May 29, 2014


The ninth annual Milliman Medical Index report, which discusses increases in health care costs among employers and employees, as well as key drivers that will affect health care costs over the coming years, reveals an increase of nearly $2,500 in annual costs for the average family of four with employer-sponsored health care coverage over the last two years.

In 2014, the cost for health care for a family of four in an average employer-sponsored health plan is $23,215, more than double the $11,192 of 10 years ago. Of the spending for the average plan, the employer pays $13,250 or 58 percent.

The 5.4 percent growth rate from 2013 to 2014 is the lowest annual change since the first Milliman index was calculated in 2002.

Overall, the average share for employees is increasing, as indicated by the 73 percent increase in employee costs since 2007 compared to the 52 percent rise for the employer share.

Milliman outlined several factors affecting health care costs, such as the slow economy, provider engagement in cost control, and the high cost of specialty pharmacy. Other key findings included:

  • Employees assumed a greater percentage of the total cost of health care – payroll deductions and out-of-pocket expenses grew 32 percent in the last four years, while employer premium contributions increased by 26 percent.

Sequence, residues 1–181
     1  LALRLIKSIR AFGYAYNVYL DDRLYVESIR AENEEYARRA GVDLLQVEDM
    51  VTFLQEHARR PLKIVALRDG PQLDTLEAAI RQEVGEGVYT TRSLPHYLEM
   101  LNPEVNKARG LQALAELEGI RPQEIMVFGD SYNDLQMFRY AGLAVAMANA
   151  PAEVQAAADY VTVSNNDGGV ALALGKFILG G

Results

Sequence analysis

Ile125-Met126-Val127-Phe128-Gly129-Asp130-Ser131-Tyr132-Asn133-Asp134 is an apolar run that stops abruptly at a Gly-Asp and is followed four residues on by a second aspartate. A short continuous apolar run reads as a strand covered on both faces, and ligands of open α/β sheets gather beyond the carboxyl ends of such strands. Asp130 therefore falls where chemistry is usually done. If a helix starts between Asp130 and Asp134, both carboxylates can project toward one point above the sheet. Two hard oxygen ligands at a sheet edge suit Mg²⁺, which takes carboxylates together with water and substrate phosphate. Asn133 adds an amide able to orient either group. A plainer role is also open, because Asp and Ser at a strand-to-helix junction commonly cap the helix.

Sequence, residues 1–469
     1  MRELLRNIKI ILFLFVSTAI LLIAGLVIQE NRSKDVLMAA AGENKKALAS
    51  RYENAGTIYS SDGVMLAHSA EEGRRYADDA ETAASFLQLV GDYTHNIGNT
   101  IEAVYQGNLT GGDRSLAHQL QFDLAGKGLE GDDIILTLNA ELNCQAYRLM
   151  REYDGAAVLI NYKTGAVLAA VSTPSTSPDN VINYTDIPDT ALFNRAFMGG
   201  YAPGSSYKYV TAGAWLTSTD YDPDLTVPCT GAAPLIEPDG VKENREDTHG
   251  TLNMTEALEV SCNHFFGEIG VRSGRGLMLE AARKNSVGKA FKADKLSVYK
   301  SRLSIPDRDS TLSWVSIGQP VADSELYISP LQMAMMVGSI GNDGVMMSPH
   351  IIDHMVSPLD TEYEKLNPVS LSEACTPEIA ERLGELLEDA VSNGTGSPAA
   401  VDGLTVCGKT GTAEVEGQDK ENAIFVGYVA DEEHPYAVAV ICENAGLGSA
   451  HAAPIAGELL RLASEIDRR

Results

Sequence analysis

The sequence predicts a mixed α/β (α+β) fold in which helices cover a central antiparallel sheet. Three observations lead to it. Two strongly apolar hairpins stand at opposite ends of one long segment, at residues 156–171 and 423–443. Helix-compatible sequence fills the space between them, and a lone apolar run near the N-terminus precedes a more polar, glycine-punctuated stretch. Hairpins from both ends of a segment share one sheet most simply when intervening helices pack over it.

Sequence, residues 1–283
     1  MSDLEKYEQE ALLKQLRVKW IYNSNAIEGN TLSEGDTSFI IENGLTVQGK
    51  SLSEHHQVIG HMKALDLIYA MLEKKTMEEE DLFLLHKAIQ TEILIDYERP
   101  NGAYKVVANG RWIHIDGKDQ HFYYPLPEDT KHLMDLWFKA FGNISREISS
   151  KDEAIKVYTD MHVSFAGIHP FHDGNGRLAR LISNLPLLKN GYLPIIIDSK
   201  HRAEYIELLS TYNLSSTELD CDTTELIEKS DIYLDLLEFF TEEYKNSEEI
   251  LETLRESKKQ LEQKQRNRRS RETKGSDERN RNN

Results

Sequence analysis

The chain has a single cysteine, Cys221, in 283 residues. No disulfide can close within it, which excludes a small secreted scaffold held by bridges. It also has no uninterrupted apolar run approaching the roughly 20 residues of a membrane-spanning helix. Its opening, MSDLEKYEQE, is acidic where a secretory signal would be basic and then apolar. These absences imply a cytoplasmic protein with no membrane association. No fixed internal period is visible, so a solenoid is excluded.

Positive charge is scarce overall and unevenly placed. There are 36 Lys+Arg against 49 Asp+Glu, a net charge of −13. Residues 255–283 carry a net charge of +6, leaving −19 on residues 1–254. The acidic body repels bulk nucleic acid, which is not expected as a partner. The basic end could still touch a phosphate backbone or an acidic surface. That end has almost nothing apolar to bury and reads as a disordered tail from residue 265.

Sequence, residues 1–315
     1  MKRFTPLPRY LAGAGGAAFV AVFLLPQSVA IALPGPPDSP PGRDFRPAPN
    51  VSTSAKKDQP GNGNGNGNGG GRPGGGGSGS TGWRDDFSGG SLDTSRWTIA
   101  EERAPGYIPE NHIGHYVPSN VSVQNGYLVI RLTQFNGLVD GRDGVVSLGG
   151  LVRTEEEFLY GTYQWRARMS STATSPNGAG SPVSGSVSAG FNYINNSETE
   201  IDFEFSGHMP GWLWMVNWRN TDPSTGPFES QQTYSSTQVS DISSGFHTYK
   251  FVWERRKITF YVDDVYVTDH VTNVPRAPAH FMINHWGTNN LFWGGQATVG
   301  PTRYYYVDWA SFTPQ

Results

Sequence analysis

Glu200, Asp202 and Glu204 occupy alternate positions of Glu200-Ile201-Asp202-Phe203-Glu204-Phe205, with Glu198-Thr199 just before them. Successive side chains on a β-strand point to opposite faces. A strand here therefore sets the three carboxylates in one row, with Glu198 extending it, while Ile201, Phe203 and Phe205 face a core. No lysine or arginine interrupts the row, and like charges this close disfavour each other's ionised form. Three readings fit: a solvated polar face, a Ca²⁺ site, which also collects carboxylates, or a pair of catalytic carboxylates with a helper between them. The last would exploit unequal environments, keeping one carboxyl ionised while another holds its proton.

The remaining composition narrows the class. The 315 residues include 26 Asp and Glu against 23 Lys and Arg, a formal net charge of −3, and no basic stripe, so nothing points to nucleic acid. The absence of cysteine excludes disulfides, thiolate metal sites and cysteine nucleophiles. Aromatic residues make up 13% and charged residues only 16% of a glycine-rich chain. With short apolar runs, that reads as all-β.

• Inpatient care and physician office services accounted for the majority of annual health care costs for an average family of four – 62 percent or approximately $14,500 in 2014.
  • Pharmacy costs for an average family of four increased by 4.5 percent since last year.
  • Employer subsidies for employee health care costs reached an all-time low since 2009.


March 7, 2014


On March 5, 2014, the Department of Treasury and the Internal Revenue Service (IRS) released final rules on two provisions: reporting health insurance coverage by large employers, and reporting minimum essential coverage by insurers and employers of self-insured plans. The guidance provides a streamlined process for reporting duplicate information required by both provisions – to both the IRS and respective employees.
While the first reporting will not be required until early 2016 for the 2015 calendar year, employers are encouraged to voluntarily report coverage information in 2015 for the 2014 calendar year.
Who must report to whom?
Employers with 50 or more full-time (including full-time equivalent) employees need to report all of the employees offered coverage throughout the calendar year to the IRS. Respectively, all employees named in this report must also be provided with a statement, and can simply be given a copy of the IRS form. Minimum essential coverage must also be reported annually to both the IRS and any individual named in the report as having such coverage.  
What information must be reported?
The final rules provide for a single, consolidated form to streamline the information being reported. Employers and insurers can complete their respective portions of the form and submit them separately. Large self-funded employers can complete both parts of the combined form for information reporting. This form can be used for reporting to both the IRS and employees.
The forms have not yet been provided by the IRS, but will require information to help determine eligibility for the premium tax credit, such as: